CRYING OVER SPILT...SOY SAUCE
I think one of the biggest cultural contrasts that I am experiencing is emotion and how it is perceived. Filipinos do not share the 'stiff upper lip' attitude of the British but instead remain open in expressing their feelings. Crying is not a sign of weakness, but courage; it is an essential part of maintaining mental health. Rather than letting stress and sadness build up inside, they release and deal with them instantaneously. The benefits they reap speak for themselves, especially when one compares the depression rate in the UK (1 in 4) to a near non-existent rate in the Philippines. As Engineer said: "The UK has a higher GDP, but we have higher rates of happiness. You trade in money whereas we trade in smiles."
Yet, after twenty-two years of 'wiping away the tears' I've realised it isn't so easy to practice this emotional freedom. I can't seem to escape my persistent attitude that "I'm fine, no really...I'm fine" because I keep avoiding PDE (Public Displays of Emotion) in favour of masking sadness with a smile.
My first unwilling experience with PDE was at the internet cafe last week. It all got a bit too much when I realised my packed lunch had exploded all over the contents of my bag. The disaster heightened when I realised that soy sauce had saturated my tablet keyboard. Of all the things to break my keyboard whilst travelling in South-East Asia, it had to be soy sauce!! Wishing for a Boots meal deal and maddened by all the rice in Asia, I started to quietly cry at my desk. In all honesty, I really just needed a moment with myself to get over my 'first-world' problems. But within the space of 5 minutes, I was suddenly surrounded by half the Filipino team asking me if I was okay.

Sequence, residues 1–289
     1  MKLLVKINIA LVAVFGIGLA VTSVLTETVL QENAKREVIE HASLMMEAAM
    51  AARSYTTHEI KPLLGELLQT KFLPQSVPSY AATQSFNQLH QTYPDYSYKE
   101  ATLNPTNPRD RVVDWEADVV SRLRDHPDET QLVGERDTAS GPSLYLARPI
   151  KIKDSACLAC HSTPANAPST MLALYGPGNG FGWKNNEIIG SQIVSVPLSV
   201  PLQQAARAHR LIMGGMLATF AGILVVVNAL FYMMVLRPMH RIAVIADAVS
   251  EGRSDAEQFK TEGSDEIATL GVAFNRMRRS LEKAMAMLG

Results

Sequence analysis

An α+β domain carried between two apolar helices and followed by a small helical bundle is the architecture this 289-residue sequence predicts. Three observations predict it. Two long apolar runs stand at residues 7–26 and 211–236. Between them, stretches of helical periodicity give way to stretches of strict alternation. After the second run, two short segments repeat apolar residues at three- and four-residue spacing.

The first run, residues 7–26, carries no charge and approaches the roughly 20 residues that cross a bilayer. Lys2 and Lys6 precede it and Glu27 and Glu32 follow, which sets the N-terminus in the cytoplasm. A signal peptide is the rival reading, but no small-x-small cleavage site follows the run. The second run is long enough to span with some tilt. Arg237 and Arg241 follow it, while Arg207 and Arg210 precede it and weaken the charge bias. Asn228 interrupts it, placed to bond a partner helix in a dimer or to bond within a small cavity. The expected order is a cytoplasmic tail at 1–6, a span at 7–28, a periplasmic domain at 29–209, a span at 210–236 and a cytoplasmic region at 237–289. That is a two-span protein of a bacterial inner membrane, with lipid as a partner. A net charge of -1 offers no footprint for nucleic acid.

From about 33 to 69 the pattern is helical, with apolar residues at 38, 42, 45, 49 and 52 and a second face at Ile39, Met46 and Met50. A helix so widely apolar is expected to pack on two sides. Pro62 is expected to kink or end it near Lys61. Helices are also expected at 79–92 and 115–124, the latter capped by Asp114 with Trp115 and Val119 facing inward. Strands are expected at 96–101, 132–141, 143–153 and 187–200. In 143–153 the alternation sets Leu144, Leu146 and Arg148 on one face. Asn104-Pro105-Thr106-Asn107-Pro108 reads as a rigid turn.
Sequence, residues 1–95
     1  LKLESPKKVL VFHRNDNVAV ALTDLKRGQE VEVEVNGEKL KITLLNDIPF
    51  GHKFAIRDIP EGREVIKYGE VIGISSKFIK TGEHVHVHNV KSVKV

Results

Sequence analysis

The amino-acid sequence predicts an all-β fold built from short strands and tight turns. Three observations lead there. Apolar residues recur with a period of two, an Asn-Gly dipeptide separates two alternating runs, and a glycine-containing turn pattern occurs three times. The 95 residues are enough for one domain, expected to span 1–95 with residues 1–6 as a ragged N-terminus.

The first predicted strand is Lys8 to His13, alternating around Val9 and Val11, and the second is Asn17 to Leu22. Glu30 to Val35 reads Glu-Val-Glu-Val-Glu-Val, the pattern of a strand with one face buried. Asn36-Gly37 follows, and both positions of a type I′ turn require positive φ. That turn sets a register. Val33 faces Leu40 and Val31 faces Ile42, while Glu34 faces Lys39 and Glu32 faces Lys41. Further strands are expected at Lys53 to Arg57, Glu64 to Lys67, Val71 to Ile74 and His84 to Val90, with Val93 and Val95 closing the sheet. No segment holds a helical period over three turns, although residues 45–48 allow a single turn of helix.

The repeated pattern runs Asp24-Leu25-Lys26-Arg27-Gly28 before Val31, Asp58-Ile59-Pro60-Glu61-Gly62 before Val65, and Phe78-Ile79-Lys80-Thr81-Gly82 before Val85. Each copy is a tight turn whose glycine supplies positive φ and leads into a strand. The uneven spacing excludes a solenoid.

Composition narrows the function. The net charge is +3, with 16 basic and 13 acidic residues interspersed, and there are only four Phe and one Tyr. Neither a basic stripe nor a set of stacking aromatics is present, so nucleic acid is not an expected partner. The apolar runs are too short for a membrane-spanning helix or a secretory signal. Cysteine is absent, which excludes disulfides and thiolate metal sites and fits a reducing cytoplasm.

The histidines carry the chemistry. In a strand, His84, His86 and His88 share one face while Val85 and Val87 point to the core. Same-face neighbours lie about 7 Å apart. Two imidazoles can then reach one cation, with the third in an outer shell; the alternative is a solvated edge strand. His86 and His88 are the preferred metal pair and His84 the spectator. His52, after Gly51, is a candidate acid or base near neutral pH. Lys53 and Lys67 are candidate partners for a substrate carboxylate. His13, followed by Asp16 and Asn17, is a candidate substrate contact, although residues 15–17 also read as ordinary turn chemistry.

I wanted to scream: "NO I'M NOT OKAY BUT LEAVE ME ALONE!!" because their kindness only made me feel worse, embarrassed and silly.
What had happened was that my counterpart, Sophia, had noticed I was crying and had got so worried (and bless her- even blamed herself for the lunch box incident!) that she had cried too and called her friends to help out. I realised then that the circle which had formed - around me and my broken lunch box - was one of love, not judgement.
Later, after all the soy sauce and tears had been wiped away, I told Sophia how embarrassed I felt about my first PDE in the Philippines. She reassured me that I shouldn't feel ashamed or silly because the Filipino volunteers respect my tears. To them, they are a sign of strength and confidence.
So they no longer worry about how I am coping in this strange place. Because I am dealing with my own emotions.
It is the people who don't cry that they worry about.
NB. The photo is of me at the national rice museum. I just can't get enough.